- Using Virtual Server 2005 R2 SP1, create an XP machine with
3 x 32 GB dynamically expanding drives. I'm sure this would
work with Win 2000, 2003 server etc. However, I had an XP VM
- Create the D and E drives and format them
primary NTFS quick Format. You may need more than 32
GB. That's ok. Though I recommend copying off
reproducible data to make the ghost files smaller.
For example, WSUS 'content' files should be copied
off and the WSUS database exported using the
wsusutil command line tool. (Then import WSUS later
on the new VM. Google for export/import info.)
- Go to your physical machine and boot ghost 2003.
Do a "Disk to Image" for the C (and D volume if
necessary). Etc. I had to do that (C & D) because
OEM Small Business Server 2003 had spread Exchange
server 2003 over C & D drives for performance
- Fire up the XP machine (any ntos VM would do,
like Server 2003 trial etc.) in Virtual Server 2005 and copy
mapped drive) the ghost image(s) created in step 3 to
the "E:" volume as regular ghs/gho files.
- Now boot the XP/NTOS machine under Virtual Server
2005 to a ghost floppy or CD. Or vfd (virtual floppy disk) with ghost.exe on it.
- Using ghost, do a "disk from image" for the C
drive. Repeat if needed for the D drive. Etc. That is
ghost your physical server to the Virtual Server
When Finished DO NOT -
REPEAT, DO NOT START THE SERVER UNDER
VIRTUAL SERVER 2005.
- Instead, copy the .vhd files to your
Hyper-V host and
create a new virtual machine. Rename the vhd
files to something meaningful, like SBSMAIL1-C.vhd
Configure the Hyper-V machine
with the same number of CPUs as the physical machine
used. Feel free to up the RAM to 4 GB. Select to USE EXISTING vhd files.
Select the C drive (and D if applicable) vhd files (created
earlier) under VS 2005
- Startup the Hyper-V machine and notice it just
- Insert the integration services disk and install
the Hyper-V components.
That's it! Of course I'll leave the fine details to
you. Adding a network card and making sure everything is
UPDATE 1: For a Windows 2003 multi-cpu
that you have virtualized. It is important to add a
switch to the boot.ini file
so that network timings by the OS work correctly.
NOTE: This is not just P2V servers, I
found strange ping times on a Win 2003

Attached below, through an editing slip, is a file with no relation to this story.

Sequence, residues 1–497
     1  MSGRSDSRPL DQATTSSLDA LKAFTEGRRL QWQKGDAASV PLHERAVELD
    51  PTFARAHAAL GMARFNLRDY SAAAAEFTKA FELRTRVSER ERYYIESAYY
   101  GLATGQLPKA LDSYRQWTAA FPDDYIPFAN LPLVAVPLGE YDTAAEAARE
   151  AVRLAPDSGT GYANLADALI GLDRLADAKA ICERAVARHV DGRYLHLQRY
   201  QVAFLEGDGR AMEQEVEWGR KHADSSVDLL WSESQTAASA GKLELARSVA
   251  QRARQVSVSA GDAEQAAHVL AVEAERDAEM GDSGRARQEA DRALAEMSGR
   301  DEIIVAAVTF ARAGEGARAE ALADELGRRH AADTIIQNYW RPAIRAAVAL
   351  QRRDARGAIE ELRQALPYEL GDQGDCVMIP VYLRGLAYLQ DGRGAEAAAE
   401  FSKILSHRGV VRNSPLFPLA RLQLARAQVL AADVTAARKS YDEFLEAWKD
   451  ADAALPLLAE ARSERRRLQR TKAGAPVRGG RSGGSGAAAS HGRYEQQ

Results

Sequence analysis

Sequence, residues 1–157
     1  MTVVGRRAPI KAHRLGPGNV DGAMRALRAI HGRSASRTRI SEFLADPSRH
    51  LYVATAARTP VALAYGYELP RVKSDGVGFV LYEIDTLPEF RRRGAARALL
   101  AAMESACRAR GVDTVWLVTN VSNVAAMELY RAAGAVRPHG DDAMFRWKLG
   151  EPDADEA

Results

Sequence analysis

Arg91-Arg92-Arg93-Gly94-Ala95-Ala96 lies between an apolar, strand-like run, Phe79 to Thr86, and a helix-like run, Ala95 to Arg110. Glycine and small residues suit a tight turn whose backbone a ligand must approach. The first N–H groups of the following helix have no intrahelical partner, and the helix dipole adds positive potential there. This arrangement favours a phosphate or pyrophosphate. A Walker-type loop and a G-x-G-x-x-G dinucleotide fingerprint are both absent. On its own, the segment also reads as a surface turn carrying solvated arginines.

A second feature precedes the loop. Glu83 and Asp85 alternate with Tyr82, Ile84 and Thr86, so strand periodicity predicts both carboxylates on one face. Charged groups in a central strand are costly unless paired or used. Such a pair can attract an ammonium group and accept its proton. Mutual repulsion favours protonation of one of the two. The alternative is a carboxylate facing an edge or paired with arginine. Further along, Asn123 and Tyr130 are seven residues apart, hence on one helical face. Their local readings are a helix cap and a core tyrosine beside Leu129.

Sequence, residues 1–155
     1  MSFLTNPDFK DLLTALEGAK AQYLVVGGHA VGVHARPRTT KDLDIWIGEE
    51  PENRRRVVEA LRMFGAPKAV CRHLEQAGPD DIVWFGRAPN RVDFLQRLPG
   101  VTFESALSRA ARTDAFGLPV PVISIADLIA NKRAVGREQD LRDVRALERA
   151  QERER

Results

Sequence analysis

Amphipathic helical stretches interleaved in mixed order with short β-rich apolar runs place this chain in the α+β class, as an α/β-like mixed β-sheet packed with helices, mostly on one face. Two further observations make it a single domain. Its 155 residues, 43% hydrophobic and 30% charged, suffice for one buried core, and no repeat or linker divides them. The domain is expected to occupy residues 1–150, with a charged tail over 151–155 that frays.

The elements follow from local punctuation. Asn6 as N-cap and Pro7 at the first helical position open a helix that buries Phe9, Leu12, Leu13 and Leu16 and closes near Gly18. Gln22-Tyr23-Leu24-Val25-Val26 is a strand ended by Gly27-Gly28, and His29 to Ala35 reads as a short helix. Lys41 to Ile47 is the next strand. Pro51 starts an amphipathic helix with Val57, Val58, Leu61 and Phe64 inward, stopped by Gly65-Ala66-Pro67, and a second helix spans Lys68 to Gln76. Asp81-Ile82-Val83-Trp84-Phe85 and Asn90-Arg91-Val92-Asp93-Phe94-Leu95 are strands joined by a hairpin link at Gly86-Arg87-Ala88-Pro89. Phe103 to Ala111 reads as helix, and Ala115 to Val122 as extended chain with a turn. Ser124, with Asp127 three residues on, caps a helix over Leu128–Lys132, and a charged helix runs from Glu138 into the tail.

server that was installed as a VM from scratch.
The switch to add is /usepmtimer
Like this: (All in one line starting with multi... of
Server 2003, Enterprise" /fastdetect /NoExecute=OptOut /usepmtimer
(Google usepmtimer for discussions on this issue.)
UPDATE 2: Recent
P2V's using this method have worked 100%. One extra
thing I do is to open the Computer properties and create
a system environment variable called
and set it to a value of 1.
Now, open up device manager (within
the virtual machine) and select View/Show Hidden
OK, now expand all device manager
'nodes' and you will see "grayed out" hardware that is
no longer present. Simply right click and select
'Uninstall'. Do this for ALL non
This can get quite tedious and will
take you several minutes - especially uninstalling all
USB root hubs and "generic volumes". Depending on how
many USB memory sticks were plugged in and out of the
physical machine during its physical life.
When you open the Motherboard devices
you will see lots of non present hardware like PCI
Bridge and even Keyboard/Mouse etc.
Uninstall them all! This will have no impact
other than cleaning up the kernel driver tables. But I
think it should speed up the virtualized machine a
I have found software device drivers
like Trend Micro Virus scan network devices simply
"moved sideways" and took up their normal role using the
virtual Hyper-V network.
"Activation" will probably be required as (in my case) the SBS
2003 server certainly noticed the "hardware" had
NOTE: Before activation, make sure you add disk
drives etc. so that your activation is not done on an an
incomplete VM. As mentioned above, set the number of
CPU's to what the physical machine had. If it was 1 CPU
Hyperthreading, then set 2 CPU's in Hyper-V.
OK, I now have my SBS 2003 server with all its
millions of settings, Active Directory - logon scripts
users and groups, sysvol shares etc. etc. running
virtual under Hyper-V. If you do something like this be
sure to shut down the physical server of course before
connecting it to the network subnet.
that old SBS 2003 physical server can be re-purposed as as a home PC for the
Don't forget to export the VM as a backup. Copy it to
an external drive too. You don't want to lose this
server that you have rescued from its physical
Please refer to this method as The Eastern
Digital P2V Solution.
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